"Einsatzgruppen": The Blackest Page in Human History

No satisfactory English translation has been found for the German term "Einsatzgruppen"(EG). An accurate description might be "special extermination groups." Their primary assignment was to kill every Jewish man, woman or child they could lay their hands on. "Gypsies," were to suffer the same fate. Communist leaders or others suspected of any future threat to Hitler's conquests would also be targets for annihilation. Security Chief Heydrich issued the order on 21 September 1939: "The total measures planned are to be kept strictly secret.".

In May 1941, with Germany's assault against the Soviet Union imminent, four Einsatz groups were assembled. Each encompassed 500 to 800 men commanded by leading Nazis. The German army provided help and logistic support. On orders from Hitler, the EG were to break all possible civilian resistance behind the fighting front by ruthlessly destroying those deemed undesirable by the German Dictator or his supporters.

Einsatz units issued daily Top Secret reports that were consolidated in Berlin. These captured records revealed the full depravity of their deeds, despite euphemisms that sought to conceal their criminality. Victims were given "special treatment," "rendered harmless," or "resettled." EG "A" reported it had "liquidated" 118,430 Jews and 3,398 communists. EG "D" reported 90,000 Jews "eliminated." On 29 and 30 September 1941, one unit of EG "C" dispatched 33,771 Jews into a ravine that became famous as "Babi Yar." It may minimally be estimated that between one and two million innocent and helpless civilians were murdered in cold blood by these Nazi killing squads.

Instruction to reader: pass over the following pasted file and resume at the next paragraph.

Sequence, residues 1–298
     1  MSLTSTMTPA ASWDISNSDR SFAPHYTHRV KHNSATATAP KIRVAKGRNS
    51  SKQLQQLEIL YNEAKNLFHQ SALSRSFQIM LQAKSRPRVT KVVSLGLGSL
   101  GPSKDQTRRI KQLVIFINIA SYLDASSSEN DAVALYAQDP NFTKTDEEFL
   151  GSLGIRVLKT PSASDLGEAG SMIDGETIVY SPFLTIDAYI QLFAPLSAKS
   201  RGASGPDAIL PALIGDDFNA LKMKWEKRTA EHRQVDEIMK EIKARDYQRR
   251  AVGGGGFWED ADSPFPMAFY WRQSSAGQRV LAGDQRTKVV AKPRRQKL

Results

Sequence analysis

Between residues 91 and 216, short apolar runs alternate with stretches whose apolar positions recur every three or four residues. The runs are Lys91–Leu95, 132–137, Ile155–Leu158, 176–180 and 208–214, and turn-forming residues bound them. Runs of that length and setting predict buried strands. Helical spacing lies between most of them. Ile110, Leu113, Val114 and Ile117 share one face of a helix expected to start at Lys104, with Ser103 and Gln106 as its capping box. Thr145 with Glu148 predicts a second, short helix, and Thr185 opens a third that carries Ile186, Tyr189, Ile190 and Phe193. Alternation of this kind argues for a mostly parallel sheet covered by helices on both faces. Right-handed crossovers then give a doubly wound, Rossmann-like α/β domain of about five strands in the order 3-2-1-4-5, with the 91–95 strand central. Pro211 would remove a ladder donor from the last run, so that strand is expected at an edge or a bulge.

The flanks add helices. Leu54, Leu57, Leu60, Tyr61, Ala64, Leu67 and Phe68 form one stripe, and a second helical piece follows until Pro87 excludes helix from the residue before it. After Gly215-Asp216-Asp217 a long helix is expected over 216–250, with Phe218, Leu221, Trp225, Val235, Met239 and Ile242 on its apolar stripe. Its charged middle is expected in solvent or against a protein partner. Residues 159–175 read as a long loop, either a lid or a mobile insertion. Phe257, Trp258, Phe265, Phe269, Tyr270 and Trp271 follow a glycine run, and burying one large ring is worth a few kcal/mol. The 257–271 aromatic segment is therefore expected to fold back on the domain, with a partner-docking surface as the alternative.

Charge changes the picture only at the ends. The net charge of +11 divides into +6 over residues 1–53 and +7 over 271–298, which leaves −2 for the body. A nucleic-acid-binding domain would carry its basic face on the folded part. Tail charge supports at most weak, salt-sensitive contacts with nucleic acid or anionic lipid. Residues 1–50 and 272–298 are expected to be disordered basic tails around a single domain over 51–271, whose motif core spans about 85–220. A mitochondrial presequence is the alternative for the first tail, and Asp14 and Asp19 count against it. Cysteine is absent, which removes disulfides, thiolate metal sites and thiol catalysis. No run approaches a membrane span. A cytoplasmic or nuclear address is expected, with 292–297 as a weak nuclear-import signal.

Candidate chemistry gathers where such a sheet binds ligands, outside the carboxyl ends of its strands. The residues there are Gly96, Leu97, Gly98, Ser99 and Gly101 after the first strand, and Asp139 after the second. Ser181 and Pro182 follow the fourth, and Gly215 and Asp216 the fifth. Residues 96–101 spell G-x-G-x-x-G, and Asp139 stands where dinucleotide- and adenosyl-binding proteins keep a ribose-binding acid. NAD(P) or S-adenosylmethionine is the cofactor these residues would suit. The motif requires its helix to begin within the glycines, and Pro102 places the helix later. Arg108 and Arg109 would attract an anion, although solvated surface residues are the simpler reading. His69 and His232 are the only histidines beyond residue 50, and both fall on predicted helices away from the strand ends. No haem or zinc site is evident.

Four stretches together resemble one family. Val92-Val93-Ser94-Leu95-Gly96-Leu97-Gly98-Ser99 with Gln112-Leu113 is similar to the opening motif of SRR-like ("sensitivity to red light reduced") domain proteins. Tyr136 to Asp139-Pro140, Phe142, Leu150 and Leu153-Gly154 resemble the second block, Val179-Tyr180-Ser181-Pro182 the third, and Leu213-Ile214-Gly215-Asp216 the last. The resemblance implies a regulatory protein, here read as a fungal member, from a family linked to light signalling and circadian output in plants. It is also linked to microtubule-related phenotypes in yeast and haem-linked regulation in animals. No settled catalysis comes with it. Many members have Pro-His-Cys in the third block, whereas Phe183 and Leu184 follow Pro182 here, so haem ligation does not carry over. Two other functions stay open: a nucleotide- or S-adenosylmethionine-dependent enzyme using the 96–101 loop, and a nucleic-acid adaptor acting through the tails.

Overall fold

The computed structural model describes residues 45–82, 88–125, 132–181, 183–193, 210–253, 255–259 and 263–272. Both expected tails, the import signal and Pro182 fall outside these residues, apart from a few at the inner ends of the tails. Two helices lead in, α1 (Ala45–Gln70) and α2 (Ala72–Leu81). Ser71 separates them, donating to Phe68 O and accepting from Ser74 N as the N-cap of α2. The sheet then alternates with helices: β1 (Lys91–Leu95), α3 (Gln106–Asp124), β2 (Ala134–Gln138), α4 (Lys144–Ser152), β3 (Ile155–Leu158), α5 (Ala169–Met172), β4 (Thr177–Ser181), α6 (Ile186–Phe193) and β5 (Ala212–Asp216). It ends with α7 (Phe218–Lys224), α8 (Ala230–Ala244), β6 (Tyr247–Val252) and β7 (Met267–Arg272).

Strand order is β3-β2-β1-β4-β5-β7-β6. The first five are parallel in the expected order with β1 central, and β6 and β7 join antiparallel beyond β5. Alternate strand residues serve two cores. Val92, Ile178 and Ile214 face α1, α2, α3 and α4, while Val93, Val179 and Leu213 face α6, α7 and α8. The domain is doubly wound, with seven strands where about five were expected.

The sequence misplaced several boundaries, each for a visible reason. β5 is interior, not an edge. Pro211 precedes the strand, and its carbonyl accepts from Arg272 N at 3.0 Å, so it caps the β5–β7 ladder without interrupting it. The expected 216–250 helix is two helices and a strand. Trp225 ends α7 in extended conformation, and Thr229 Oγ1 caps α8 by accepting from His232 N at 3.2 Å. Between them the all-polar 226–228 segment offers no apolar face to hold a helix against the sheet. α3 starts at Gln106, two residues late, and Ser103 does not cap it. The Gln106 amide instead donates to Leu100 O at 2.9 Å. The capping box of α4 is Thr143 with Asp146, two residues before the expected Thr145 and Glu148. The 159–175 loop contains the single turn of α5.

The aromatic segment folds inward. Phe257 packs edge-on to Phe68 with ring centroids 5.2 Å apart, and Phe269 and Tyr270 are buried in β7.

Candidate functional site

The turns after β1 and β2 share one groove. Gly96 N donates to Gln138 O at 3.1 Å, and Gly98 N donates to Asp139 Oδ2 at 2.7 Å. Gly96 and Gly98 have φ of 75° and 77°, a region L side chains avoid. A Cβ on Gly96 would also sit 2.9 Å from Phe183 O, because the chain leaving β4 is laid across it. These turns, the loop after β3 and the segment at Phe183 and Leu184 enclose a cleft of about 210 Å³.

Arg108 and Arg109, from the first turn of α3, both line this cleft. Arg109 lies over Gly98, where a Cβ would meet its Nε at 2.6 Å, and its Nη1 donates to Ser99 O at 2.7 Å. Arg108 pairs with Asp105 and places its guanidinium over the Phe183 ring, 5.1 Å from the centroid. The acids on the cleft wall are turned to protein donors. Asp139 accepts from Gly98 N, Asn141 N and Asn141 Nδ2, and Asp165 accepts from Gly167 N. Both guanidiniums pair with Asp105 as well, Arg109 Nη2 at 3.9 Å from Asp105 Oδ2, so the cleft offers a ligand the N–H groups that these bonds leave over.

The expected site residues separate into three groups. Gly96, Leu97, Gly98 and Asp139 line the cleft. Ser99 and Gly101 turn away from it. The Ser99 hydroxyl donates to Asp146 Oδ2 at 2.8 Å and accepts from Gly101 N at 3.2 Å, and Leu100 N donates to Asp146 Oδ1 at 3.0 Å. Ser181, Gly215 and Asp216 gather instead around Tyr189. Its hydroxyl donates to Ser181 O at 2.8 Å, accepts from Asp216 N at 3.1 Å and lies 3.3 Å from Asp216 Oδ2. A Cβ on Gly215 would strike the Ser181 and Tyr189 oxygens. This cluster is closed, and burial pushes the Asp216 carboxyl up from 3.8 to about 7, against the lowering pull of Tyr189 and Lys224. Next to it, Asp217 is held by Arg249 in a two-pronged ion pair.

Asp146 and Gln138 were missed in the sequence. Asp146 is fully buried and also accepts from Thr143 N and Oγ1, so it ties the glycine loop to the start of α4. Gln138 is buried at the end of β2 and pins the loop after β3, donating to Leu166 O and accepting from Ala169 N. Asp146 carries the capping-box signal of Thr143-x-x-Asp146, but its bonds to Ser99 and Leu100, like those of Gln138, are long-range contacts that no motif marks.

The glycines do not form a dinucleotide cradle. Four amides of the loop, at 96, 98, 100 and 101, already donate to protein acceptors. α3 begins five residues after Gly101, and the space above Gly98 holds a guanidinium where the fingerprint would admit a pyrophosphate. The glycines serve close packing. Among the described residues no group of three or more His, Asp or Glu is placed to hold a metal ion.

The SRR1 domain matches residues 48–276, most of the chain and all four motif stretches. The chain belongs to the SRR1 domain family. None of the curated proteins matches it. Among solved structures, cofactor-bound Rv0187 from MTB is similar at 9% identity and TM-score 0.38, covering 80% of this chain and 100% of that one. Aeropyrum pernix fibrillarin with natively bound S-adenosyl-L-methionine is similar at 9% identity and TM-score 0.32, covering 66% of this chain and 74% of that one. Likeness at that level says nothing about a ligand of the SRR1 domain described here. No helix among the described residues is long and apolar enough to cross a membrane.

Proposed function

The procedures for mass murder were basically similar. Jews and Gypsies, who were earmarked for total annihilation, were ordered to assemble under penalty of death. They were transported by trucks to a hidden site where their clothing and possessions were seized. The helpless captives were directed to stand or kneel near the edge of a large pit that had been prepared. An EG firing squad of about 10 men would shoot for about an hour before being rotated. Each row of victims fell into the pit on top of the corpses that lay dead or dying below.

In the spring of 1942, some EG units were equipped with gas vans for easier "resettlement" of women, children, the old and infirm. Exhaust fumes were piped back into the camouflaged van. When it reached its destination, the passengers were dead.

When EG leaders were convicted at Nuremberg for their crimes against humanity, they showed no remorse. They argued that Hitler had declared that Germany was fighting a defensive war and they were bound to follow his orders. In "total war": against Bolshevism, they said, all potential enemies had to be eliminated by every possible means. Secret killing squads were a military necessity. They left no doubt that they would do it again.

In his Judgment, Presiding Judge Michael Musmanno noted: "...mankind pleads for an understanding which will prevent anything like this happening again." Nazi Einsatzgruppen wrote the blackest page in human history. Their cruel deeds illustrate the dangers of blind obedience to an authoritarian leader who defies the rule of law.

Benjamin B. Ferencz
J.D. Harvard, 1943, was Chief Prosecutor in the Einsatzgruppen trial at Nuremberg